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From: Vladimir Prus (ghost_at_[hidden])
Date: 2002-01-15 09:30:36

Patrick Guio wrote:

> > Okay. Going back to parsing '-I' options, I think that implementing
> > 'ParseOptions' is something that doesn't looks good to me. It is possible
> > to allow more flexible solution, where each types decides for itself how
> > it deals with each arguments. For example, validator for vector just
> > appends new element each time it's called. Isn't it more general?
> That could easily be done actually. Separating with a predefined separator
> sign (':' as for PATH variable)

Do you mean that Convert method would be called with all the arguments
separated with ":"? That would not be, strictly speaking, general solution.

> > > > 2) parsing arbitrary class and thowing if the value given for it is
> > > > incorrect
> > >
> > > I guess anyone could extend its own parser by inheriting this one and
> > > write its own Convert(string, value) routine where value is a class
> > > object. The Parser::ParseOption functions are template member function
> > > that parse the command line arguments for a special option and feeds
> > > the rest of the string (or the next arg) to the Convert function
> >
> > Well, actually Convert looks a bit like lexical_cast, so you might use
> > it. Secondly, I don't think that inheritance is good in this case. After
> > all, all you do is tell how to handle some time.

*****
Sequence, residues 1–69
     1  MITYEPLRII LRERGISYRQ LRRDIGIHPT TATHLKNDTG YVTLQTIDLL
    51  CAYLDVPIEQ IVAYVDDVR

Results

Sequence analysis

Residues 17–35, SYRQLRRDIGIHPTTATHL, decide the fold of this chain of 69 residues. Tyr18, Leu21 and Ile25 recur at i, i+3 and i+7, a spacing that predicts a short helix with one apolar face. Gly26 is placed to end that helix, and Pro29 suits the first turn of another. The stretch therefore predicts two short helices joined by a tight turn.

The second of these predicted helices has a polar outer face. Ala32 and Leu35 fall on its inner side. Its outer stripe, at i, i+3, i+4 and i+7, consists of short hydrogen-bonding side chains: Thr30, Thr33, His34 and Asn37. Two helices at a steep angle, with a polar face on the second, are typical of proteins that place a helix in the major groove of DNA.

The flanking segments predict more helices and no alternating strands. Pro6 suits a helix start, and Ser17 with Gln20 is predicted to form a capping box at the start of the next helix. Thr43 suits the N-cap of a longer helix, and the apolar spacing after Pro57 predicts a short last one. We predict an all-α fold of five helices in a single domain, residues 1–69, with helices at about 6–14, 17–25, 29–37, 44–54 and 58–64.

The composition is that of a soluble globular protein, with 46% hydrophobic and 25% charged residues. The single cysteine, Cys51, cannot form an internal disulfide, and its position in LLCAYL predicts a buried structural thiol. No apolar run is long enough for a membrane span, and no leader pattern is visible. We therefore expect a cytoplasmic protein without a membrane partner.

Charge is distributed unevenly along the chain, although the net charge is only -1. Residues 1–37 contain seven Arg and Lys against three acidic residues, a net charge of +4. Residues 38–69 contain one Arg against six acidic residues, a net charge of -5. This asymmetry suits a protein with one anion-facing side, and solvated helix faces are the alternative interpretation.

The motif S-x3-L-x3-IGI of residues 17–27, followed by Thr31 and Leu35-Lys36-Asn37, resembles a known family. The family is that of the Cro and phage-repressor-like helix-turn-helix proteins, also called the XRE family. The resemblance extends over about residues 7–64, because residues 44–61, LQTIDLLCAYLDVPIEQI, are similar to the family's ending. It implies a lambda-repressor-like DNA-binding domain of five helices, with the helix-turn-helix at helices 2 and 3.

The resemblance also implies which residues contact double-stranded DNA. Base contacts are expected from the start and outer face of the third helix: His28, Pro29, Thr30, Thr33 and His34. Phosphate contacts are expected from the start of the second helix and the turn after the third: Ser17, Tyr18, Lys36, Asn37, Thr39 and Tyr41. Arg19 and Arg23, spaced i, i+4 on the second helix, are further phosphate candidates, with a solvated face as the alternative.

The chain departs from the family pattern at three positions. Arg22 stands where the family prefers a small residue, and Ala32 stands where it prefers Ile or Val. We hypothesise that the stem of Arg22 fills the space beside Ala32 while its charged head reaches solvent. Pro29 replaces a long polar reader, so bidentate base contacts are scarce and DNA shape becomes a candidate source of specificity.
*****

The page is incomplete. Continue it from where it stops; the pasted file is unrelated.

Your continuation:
> I haven't looked at lexical_cast but it sounds good. How can you easily
> provide extension to Convert or lexical_cast ?

Well, very long ago we've discussed this with lexical_cast author, Kevlin
Henney. IIRC, the most easy method would be to have global function ( or
function object)

        template<class T>
        interpret(const string& s, T&);

Users could then overload it for their types. However, this change is not
applied yet :-(

> > Why can't you have special processing from help/version/template-creation
> > and then a single method that will parse the remaining options?
> That could be a possibility but so long I have used individual fields in
> classes with long and descriptive names so that each field is parsed
> separately. A single method to parse the remaining options is of interest
> when the values are to be parsed in a unique vector (a class any would
> be nice but it does not contain so long input method) but then you miss
> clarity of the code. Do you see what I mean or am I wrong?

I'm not sure. Suppose you say to a library something:
"option 'file', if found, should be stored to variable 's'". Why do we miss
any clarity?

> > 1. command line argument formats
> > a. -<one letter key> <value>
> > b. -<one letter key><value>
> > c. -<key> <value>
> > d. -<option> - any length
> > e. /<key> <value> - and all other cases like a,b,c but with /
> > instead
> > g. --<key> <value>
> > h. -<key substring> <value>
> So long the option and aliases are registered by the Parser so the option
> name and aliases can be whatever you want. The two rules I use to
> parse are
> * either the argument is in the same element but separated by =
> <option>=<value>
> * or the argument is the next element list
> <option> <value>
> But I guess it could be possible to tune these settings

Okay. I'll reshuffle my priorities a little and will try to find out which
ambiguities appear when diverse styles are wanted and how they can be
handled. I'll post my findings later.

- Volodya

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